Clingy babies, bad habits, and the burden of expectation on new mothers

You want to start as you mean to go on. If you don’t put them down now, they’ll want to be held all the time. Pass him here, I’ll settle him for you. Let mummy have a break. You want him to take a bottle so you don’t have to do the feeds. It’s not fair on daddy/ nanna/ your next door neighbour if they can’t do a feed. Let me get a picture of my toddler holding her. Yeah I’ll have a tea please.

Last night’s topic for my relaxation group mamas was The Fourth Trimester. Not sure what it’s all about?

Sarah Ockwell-Smith explains it brilliantly here, totally enlightening if it’s something you’ve not considered before.

The bottom line, for me, is that our cultural norms are so dismissive of the needs, not just of the newborn baby, but the newly born mother too. Birth, however we achieve it, is in some ways our greatest moment of vulnerability (although of course it can be incredibly empowering too). We are opening our bodies up to birth these babies, pushing ourselves to our very limits, discovering levels of emotions, sensations, strength, love, joy, transformative moments we couldn’t have anticipated and that will never be replicated in any other circumstance.

Recent years have seen a move towards mainstream recognition of the intricacies of mother-newborn bonding in the early moments following birth. Michel Odent, world renowned obstetrician, repeatedly tells us “do not wake the mother” in reference to that first hour following birth, for important reasons explained here.

But when the clock ticks past that first hour, it’s as if this physiological dance is generally considered complete. 9 months on the inside, and just one hour on the outside to acclimatise. Seems a bit tight.

Where is the recognition that’s found in other cultures that this magical interaction remains important for much longer, and ought to be protected. One of my well informed mamas mentioned last night some reading she’d done highlighting the vulnerability of human babies vs other mammals. You know, those who pretty much stand up and walk within hours of birth. Humans have evolved to have shorter gestations to facilitate birth through our ‘stand up straight’ pelvises, the result being a less developed infant.

And yet our expectations of independence from these tiny new people, with emotions and needs of their own, are astonishing. And of the mother too. Ignore your instincts, we tell her. Learn from our ‘mistakes’. You don’t want a clingy, fussy baby. Show them who is boss. Ugh.

Put yourself in your baby’s booties- do you fancy being project managed? By an ever changing line of strangers? Or would you rather be kept close to the only one you know? Her heartbeat, voice, scent. When all your instincts are telling you she’s the key to your survival. May sound melodramatic, and their responses to being separated from the mother may appear so, but this is their truth.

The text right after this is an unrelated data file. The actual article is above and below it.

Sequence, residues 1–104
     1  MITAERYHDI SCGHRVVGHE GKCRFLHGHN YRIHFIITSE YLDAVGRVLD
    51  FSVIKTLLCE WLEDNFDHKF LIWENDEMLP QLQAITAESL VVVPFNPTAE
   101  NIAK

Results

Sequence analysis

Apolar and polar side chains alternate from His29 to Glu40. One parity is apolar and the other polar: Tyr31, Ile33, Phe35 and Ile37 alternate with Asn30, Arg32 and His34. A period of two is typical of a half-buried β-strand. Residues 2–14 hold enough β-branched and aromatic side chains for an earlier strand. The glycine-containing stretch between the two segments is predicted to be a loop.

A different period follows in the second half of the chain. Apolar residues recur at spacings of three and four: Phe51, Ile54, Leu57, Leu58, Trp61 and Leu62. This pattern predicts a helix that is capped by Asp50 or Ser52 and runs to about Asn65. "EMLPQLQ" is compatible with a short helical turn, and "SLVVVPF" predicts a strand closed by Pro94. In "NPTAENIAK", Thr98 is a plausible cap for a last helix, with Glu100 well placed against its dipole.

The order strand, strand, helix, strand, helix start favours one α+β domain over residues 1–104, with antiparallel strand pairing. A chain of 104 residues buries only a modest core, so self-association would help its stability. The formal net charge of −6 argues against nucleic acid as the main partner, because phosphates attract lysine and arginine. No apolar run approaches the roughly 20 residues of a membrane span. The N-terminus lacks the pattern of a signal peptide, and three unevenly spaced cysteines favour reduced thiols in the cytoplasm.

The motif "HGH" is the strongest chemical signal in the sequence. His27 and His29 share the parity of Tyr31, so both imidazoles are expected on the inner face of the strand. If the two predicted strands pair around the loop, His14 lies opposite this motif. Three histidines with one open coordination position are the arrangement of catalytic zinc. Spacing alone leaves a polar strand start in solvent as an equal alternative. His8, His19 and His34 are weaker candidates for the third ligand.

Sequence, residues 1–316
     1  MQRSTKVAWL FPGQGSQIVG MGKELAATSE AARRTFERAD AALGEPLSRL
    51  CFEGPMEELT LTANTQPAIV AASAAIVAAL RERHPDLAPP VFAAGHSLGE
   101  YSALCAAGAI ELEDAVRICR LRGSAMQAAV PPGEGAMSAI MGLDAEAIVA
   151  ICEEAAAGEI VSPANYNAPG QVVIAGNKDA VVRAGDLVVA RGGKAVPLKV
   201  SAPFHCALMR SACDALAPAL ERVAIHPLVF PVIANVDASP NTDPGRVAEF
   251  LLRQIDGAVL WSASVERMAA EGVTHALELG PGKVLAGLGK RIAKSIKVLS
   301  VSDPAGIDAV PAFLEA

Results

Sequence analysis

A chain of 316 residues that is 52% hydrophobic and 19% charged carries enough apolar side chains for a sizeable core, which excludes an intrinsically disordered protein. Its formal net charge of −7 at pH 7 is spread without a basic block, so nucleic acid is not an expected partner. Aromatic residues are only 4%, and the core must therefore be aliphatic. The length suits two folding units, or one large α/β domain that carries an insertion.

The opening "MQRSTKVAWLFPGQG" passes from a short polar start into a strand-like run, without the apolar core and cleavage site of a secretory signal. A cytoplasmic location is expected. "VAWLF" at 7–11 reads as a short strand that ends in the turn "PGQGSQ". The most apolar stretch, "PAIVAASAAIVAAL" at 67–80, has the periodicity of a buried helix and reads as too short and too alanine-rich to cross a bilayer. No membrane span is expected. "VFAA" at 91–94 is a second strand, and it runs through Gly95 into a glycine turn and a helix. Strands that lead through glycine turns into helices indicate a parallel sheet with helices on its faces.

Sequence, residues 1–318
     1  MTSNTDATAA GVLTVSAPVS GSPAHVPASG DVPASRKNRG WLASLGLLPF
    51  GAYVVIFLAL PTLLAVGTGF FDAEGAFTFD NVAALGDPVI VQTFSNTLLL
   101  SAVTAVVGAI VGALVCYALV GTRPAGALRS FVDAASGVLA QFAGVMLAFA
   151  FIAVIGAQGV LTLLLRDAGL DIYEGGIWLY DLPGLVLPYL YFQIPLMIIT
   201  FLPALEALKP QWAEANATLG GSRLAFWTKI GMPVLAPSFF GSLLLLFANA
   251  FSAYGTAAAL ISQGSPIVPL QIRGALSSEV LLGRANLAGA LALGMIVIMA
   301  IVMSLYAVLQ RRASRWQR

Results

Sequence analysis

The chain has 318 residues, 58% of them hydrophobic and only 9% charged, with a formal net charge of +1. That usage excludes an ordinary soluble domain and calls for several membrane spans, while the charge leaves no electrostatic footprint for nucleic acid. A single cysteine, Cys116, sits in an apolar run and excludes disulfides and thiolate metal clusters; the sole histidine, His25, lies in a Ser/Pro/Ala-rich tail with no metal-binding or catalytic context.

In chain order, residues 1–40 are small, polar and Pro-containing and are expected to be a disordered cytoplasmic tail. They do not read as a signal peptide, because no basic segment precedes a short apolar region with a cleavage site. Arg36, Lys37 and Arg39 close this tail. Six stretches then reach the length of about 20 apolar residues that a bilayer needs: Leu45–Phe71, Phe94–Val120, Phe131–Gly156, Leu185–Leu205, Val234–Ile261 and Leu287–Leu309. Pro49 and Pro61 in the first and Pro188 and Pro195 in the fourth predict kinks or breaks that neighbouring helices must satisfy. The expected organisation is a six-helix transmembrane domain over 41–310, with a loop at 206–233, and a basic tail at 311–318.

I’m certainly not suggesting you quarantine yourself for 13 weeks and deny baby access to even your parents. Welcoming a baby is a family celebration, and it’s natural for us all to be drawn to new life. But I am advocating ground rules that set your boundaries, and suggestions to support a smooth early postnatal period. Here are my suggestions:

  1. Visitors by invitation only. At an appointed time. And you can cancel at the last minute with no hard feelings. You will want to manage numbers. Your baby may fall asleep 10 mins before visitors are due after a testing night, and you may choose to sleep too. You may be in the midst of a feeding marathon, or working through getting it established, and prefer to avoid an audience for your attempts to nail it.
  2. All visits to be a maximum of 30 minutes. Set a timer. Company can be exhausting in the early days.
  3. Don’t expect to hold the baby. If you’re invited to, be grateful, don’t come drenched in perfume, and look for early signs that mama and baby have had enough.
  4. Entry fee- to qualify for a peek at the baby, guests must either bring food, or complete a helpful task- ironing, walking the dog, emptying the dishwasher, pegging the washing out. Not hold your baby while you rush around doing these things.
  5. SLEEP WHEN THE BABY SLEEPS. Everyone tells you, hardly anyone does it. It was a key theme from the mamas in last nights group expecting number 2 or 3, hoping the first time mamas would take heed. Bank those hours where you can. For your postnatal recovery, for your sanity.
  6. Make the most of the previous time that your partner is home with you. For most of us, this is a couple of weeks. This tiny portion of time is so special. Keep the visitors back until he’s back at work and you’re craving adult interaction/ someone to make you lunch. Daddies need time to adjust and bond too, it’s a huge transition for your family unit. Let him find his feet in peace.
  7. Get yourself a postnatal treat booked in- ideally someone who will come to you. Reflexology in my home when Louis was about 6 days old was so healing and soothing- birth is hard work. So is breastfeeding. And night waking. And bleeding. Yep. We’ve got a lot on. We deserve to be nurtured.

There’s plenty more that could be said on all this, and luckily there’s plenty written about it. Give it a Google. Realise it makes sense. Follow your instincts. Commit to putting yourselves and your baby first.

And for the mamas who have been there, I would love to hear your best tips.





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